The Plantar Fascia is a strong ligament-like structure under the arch of the foot that runs from the heel bone to the ball of the foot. If we could see it in isolation it has a triangular shape when
looked at from underneath but has a curved shape when looked at from the side - much like a sail boatâs sail billowing in the wind. The most functional piece is from the front-bottom-inside area of
the heel bone (calcaneous) to the joint of the big toe (hallux) and this is where the majority of stress of walking (and running and jumping) is taken by the fascia. How your plantar fascia reacts to
and recovers from this stress is what determines the extent and nature of your plantar fasciitis.
Factors which may contribute to plantar fasciitis and heel spurs include a sudden increase in daily activities, increase in weight, or a change of shoes or allowing your current shoes to wear
excessively. Shoes that are too flexible in the middle of the arch or shoes that bend before the toe joints will cause an increase in tension in the plantar fascia. Make sure your shoes are not
excessively worn and that they do not bend in the "middle of the arch".
Patients experience intense sharp pain with the first few steps in the morning or following long periods of having no weight on the foot. The pain can also be aggravated by prolonged standing or
sitting. The pain is usually experienced on the plantar surface of the foot at the anterior aspect of the heel where the plantar fascia ligament inserts into the calcaneus. It may radiate proximally
in severe cases. Some patients may limp or prefer to walk on their toes. Alternative causes of heel pain include fat pad atrophy, plantar warts and foreign body.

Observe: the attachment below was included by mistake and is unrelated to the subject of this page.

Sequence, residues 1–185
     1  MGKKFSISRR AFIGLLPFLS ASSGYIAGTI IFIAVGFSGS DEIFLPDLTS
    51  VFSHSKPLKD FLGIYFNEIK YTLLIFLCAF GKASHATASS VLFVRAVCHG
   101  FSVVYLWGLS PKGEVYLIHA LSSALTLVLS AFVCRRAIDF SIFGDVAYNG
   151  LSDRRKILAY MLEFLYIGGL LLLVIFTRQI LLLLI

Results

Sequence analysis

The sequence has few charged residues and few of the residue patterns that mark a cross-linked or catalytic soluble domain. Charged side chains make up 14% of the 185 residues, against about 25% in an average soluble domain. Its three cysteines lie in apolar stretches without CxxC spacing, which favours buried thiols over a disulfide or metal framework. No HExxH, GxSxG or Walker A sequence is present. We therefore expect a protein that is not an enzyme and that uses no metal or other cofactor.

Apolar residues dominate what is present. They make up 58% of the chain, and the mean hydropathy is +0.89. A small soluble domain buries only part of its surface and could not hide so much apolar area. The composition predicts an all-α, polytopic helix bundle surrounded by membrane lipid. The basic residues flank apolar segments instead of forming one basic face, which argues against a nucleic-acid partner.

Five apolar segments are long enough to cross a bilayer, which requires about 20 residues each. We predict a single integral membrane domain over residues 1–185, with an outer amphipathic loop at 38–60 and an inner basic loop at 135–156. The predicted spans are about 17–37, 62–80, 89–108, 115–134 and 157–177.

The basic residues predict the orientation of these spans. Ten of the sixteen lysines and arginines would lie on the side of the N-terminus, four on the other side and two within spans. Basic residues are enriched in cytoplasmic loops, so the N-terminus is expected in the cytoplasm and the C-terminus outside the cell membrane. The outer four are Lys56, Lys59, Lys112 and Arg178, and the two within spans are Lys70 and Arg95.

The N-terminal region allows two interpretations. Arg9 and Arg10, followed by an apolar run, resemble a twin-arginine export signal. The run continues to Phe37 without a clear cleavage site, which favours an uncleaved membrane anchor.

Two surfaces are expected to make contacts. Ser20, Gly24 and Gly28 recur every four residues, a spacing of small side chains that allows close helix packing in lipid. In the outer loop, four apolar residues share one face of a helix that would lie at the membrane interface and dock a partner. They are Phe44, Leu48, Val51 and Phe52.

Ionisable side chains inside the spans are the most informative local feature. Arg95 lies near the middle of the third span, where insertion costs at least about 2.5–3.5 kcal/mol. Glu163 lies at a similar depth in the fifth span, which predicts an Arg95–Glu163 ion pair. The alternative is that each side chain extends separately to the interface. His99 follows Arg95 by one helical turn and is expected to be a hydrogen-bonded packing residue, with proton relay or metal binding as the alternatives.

Diagnosis of plantar fasciitis is based on a medical history, the nature of symptoms, and the presence of localised tenderness in the heel. X-rays may be recommended to rule out other causes for the
symptoms, such as bone fracture and to check for evidence of heel spurs. Blood tests may also be recommended.
Non Surgical Treatment
If you walk or run a lot, cut back a little. You probably won't need to stop walking or running altogether. If you have either flatfeet or a high arch, ask your doctor about using inserts for your
shoes called orthotics. Orthotics are arch supports. You will need to be fitted for them. If you are overweight, losing weight can help lessen your heel pain. If your job involves standing on a hard
floor or standing in one spot for long periods, place some type of padding on the floor where you stand.
Most patients have good results from surgery. However, because surgery can result in chronic pain and dissatisfaction, it is recommended only after all nonsurgical measures have been exhausted. The
most common complications of release surgery include incomplete relief of pain and nerve damage.
While it's typical to experience pain in just one foot, massage and stretch both feet. Do it first thing in the morning, and three times during the day. Achilles Tendon Stretch. Stand with your
affected foot behind your healthy one. Point the toes of the back foot toward the heel of the front foot, and lean into a wall. Bend the front knee and keep the back knee straight, heel firmly
planted on the floor. Hold for a count of 10. Plantar Fascia Stretch. Sit down, and place the affected foot across your knee. Using the hand on your affected side, pull your toes back toward your
shin until you feel a stretch in your arch. Run your thumb along your foot--you should feel tension. Hold for a count of 10.